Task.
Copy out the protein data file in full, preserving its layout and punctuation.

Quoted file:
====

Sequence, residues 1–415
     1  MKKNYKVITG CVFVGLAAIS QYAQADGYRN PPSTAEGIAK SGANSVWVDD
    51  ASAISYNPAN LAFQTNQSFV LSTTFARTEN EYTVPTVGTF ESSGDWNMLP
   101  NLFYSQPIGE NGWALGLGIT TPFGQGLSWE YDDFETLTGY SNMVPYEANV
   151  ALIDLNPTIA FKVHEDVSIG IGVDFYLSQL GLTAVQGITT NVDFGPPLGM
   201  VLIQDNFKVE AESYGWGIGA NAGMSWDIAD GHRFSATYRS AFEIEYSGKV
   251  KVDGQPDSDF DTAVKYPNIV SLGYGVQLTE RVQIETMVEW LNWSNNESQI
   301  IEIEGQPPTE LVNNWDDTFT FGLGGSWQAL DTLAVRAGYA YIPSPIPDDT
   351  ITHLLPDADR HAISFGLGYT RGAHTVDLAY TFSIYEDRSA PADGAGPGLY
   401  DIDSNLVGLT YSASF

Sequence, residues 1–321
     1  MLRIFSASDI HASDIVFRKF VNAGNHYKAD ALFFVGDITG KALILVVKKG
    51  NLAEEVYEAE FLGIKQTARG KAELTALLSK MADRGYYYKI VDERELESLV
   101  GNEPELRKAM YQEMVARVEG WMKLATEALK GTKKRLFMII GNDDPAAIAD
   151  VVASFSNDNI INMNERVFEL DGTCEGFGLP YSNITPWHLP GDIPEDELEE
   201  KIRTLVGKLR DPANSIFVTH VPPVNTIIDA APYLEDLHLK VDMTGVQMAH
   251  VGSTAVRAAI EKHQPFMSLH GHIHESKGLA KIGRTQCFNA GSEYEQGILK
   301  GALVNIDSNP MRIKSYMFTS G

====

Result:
Sequence, residues 1–415
     1  MKKNYKVITG CVFVGLAAIS QYAQADGYRN PPSTAEGIAK SGANSVWVDD
    51  ASAISYNPAN LAFQTNQSFV LSTTFARTEN EYTVPTVGTF ESSGDWNMLP
   101  NLFYSQPIGE NGWALGLGIT TPFGQGLSWE YDDFETLTGY SNMVPYEANV
   151  ALIDLNPTIA FKVHEDVSIG IGVDFYLSQL GLTAVQGITT NVDFGPPLGM
   201  VLIQDNFKVE AESYGWGIGA NAGMSWDIAD GHRFSATYRS AFEIEYSGKV
   251  KVDGQPDSDF DTAVKYPNIV SLGYGVQLTE RVQIETMVEW LNWSNNESQI
   301  IEIEGQPPTE LVNNWDDTFT FGLGGSWQAL DTLAVRAGYA YIPSPIPDDT
   351  ITHLLPDADR HAISFGLGYT RGAHTVDLAY TFSIYEDRSA PADGAGPGLY
   401  DIDSNLVGLT YSASF

Sequence, residues 1–321
     1  MLRIFSASDI HASDIVFRKF VNAGNHYKAD ALFFVGDITG KALILVVKKG
    51  NLAEEVYEAE FLGIKQTARG KAELTALLSK MADRGYYYKI VDERELESLV
   101  GNEPELRKAM YQEMVARVEG WMKLATEALK GTKKRLFMII GNDDPAAIAD
   151  VVASFSNDNI INMNERVFEL DGTCEGFGLP YSNITPWHLP GDIPEDELEE
   201  KIRTLVGKLR DPANSIFVTH VPPVNTIIDA APYLEDLHLK VDMTGVQMAH
   251  VGSTAVRAAI EKHQPFMSLH GHIHESKGLA KIGRTQCFNA GSEYEQGILK
   301  GALVNIDSNP MRIKSYMFTS G